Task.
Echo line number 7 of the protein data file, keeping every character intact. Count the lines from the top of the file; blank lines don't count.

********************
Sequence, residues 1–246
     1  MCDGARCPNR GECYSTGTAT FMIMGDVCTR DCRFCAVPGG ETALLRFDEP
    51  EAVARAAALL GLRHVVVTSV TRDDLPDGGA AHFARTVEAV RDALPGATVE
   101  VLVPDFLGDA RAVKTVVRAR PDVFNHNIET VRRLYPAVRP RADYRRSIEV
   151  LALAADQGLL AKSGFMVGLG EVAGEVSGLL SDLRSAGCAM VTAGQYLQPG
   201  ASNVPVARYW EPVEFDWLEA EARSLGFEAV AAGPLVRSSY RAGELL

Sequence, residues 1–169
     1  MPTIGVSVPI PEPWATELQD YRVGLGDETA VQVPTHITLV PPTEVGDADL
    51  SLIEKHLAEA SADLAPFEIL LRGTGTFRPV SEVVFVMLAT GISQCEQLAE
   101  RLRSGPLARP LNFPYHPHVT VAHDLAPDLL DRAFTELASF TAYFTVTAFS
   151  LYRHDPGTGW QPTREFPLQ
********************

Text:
Sequence, residues 1–169